Sky Blue Groundhog Day against Perth

With eight A-League matches left to play and seven points separating the now-6th placed Sydney FC from the top of the table, Sky Blue fans should all but dismiss their side’s chances lifting the Premiers’ Plate this season. As things stand, the Sydneysiders have a battle on their hands to simply qualify for the finals series – a prospect unthinkable just a few short weeks ago.

What went wrong on Saturday night?

In essence, Sydney have spent the season turning wins into draws and draws into defeats. Vedran Janjetovic’s goalkeeping error is only the latest in a string of stuff-ups by Sky Blue players since October. At various stages, Jacques Faty, Matt Jurman, Andrew Hoole, George Blackwood and Shane Smeltz have all been guilty of leaking goals or failing to take their chances at the pointy end.

As Tim Cahill writes in his autobiography, winning football matches requires ten players to perform on any given night. Ten can carry one underperforming teammate but the worse that ratio becomes, the lower the chances of success. Hardly rocket science but the formula works.

As things stand, too many Sydney players are failing to deliver over ninety minutes of football. On Saturday night, Rhyan Grant’s positioning, decision making and passing game went to pieces, Jurman is suddenly not a patch on the defender who was among the league’s leading lights earlier in the season while Mikael Tavares’ positional sense at times leaves a lot to be desired.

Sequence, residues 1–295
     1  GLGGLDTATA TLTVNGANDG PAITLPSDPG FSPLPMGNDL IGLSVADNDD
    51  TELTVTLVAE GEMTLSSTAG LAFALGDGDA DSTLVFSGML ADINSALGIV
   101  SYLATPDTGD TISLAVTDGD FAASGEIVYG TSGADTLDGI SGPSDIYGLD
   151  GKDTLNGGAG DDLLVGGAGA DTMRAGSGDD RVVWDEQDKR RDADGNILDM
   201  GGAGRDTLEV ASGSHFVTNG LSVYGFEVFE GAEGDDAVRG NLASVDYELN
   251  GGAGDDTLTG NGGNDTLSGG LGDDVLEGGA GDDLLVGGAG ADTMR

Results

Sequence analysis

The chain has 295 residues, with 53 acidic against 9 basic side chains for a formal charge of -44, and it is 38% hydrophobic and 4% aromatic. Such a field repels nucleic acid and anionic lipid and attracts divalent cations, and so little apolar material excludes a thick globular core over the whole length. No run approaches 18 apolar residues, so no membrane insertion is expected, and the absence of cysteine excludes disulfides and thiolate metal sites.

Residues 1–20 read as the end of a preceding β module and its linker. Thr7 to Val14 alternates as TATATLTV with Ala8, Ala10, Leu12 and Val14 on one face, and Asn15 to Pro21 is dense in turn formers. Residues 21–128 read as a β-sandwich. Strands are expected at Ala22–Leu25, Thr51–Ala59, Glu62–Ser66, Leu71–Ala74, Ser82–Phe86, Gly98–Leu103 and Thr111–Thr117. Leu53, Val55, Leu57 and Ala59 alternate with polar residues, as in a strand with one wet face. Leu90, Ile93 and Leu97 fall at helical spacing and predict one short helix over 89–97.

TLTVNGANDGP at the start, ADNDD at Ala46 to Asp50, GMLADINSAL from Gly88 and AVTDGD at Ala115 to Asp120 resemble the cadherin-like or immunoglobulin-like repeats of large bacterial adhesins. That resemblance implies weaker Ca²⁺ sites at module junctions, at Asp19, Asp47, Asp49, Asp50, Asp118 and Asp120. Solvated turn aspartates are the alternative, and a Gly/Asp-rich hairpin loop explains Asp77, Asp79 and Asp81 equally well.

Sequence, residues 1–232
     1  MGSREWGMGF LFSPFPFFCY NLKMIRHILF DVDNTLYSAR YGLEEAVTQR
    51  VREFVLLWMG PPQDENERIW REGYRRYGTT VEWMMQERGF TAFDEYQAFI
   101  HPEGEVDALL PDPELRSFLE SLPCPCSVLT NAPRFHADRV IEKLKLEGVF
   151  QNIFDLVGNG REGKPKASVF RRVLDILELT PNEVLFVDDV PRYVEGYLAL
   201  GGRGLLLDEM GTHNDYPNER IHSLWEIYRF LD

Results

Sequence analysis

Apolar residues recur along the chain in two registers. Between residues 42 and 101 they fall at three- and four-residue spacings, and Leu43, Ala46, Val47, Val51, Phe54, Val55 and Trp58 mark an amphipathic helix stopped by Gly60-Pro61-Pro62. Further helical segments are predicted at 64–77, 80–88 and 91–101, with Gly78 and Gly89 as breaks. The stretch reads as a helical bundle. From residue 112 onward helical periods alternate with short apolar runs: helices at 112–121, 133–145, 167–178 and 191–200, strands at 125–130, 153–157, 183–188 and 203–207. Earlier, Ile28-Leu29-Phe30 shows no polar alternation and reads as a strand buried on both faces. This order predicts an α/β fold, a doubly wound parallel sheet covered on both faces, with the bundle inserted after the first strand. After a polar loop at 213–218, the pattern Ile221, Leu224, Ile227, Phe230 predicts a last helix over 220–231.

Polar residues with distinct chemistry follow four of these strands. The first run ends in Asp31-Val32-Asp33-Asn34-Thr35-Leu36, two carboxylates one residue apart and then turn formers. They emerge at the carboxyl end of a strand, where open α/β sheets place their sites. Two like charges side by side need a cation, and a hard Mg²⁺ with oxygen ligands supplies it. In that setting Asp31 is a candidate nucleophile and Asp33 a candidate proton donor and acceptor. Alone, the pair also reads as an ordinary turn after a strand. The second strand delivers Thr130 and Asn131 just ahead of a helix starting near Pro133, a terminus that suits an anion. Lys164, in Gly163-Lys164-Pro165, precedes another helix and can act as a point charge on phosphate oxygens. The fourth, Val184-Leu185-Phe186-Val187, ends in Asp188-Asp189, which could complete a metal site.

Add to that the lack of goals from Blackwood, Hoole and Naumoff and the squad suddenly contains a number of “holes”. One could also throw in Riley Woodcock’s inability to put himself in selection frame despite Alex Gersbach’s departure for Rosenborg; the relative lack of goals from Smeltz and Matt Simon and the anonymity of backup defenders Zac Anderson and Aaron Calver.

On the plus side, Faty and Milos Dimitrijevic are back in form while Ali Abbas may have played his way back into the starting eleven at the expense of Grant, who looks to have played his way out of it. David Carney has given Sydney greater creativity and punch, Filip Holosko – missed on Saturday night - is scoring goals again and Milos Ninkovic is sheer class and was Sydney’s best on the night. And despite the Sydney attack failing to capitalise on the chances it created, the return of skipper Alex Brosque gave Sydney a more dangerous look up front.